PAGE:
“I don’t want to call him a loose cannon, but he just does things, on the ice, obviously, but off the ice, too,” Lightning coach Rick Tocchet said. “Team building stuff. He’s always got something going on to create an atmosphere in the room that bonds people together.”
from Anthony J. SanFilippo of the Daily Times,
Considering the Flyers are frequently in the trade discussion mix, whether at the deadline, draft, or free agency, it’s no surprise that they have been linked to several proposed megadeals.
Some suggest they might go after Atlanta superstar Ilya Kovalchuk. Others have them in deep talks with Calgary for hard-hitting defenseman Dion Phaneuf. There are still others that suggest they might try and pry Vincent Lecavalier away from the Tampa Bay Lightning while the nostalgic have them bringing back Rod Brind’Amour as another veteran voice to a locker room that can never have too many of those.
It’s fun to play fantasy hockey and figure out how each of these high-priced and big name players can impact the Flyers, but the reality of the situation is none of them will be coming to town unless they are wearing a visiting uniform.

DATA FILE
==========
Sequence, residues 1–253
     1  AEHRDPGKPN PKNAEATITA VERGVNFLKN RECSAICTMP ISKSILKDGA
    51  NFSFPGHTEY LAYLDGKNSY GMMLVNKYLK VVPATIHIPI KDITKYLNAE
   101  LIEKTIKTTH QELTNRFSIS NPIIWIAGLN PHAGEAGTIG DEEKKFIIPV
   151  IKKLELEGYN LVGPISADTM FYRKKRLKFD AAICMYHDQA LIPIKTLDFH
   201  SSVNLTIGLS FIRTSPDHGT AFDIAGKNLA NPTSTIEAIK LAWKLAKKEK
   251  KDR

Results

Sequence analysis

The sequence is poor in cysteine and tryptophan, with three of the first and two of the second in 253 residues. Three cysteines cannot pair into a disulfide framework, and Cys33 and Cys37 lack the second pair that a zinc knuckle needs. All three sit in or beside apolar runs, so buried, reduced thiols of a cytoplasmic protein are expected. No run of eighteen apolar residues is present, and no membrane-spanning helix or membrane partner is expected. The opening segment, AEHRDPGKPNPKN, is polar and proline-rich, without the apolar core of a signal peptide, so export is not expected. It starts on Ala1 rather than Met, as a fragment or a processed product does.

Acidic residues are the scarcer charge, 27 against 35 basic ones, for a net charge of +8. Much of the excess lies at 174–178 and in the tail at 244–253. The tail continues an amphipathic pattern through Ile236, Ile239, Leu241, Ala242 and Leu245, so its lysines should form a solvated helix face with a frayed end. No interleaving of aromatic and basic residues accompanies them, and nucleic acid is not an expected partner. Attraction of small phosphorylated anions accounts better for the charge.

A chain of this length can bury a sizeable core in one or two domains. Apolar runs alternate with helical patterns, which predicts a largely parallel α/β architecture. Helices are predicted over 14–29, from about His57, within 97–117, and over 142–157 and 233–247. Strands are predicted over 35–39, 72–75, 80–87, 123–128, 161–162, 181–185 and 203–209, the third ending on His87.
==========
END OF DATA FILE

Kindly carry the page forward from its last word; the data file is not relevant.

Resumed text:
from Adrian Dater of the Denver Post,
In other sports with sanctioned fighting, the goal is to win, to have your arm raised in triumph and watch your opponent hang his head in disappointment. Whether one “wins” a fight in the NHL is beside the point.
Sticking up for a teammate after he takes a big hit and showing you won’t be pushed around is often just as important for hockey teams. Not only are the star players “protected,” but an esprit de corps can develop. No matter how one fares in a hockey fight, teammates almost always tap their sticks on the ice as a show of respect.
That said, fighters always are trying to get better at their craft.
from Michael Arace of the Columbus Dispatch,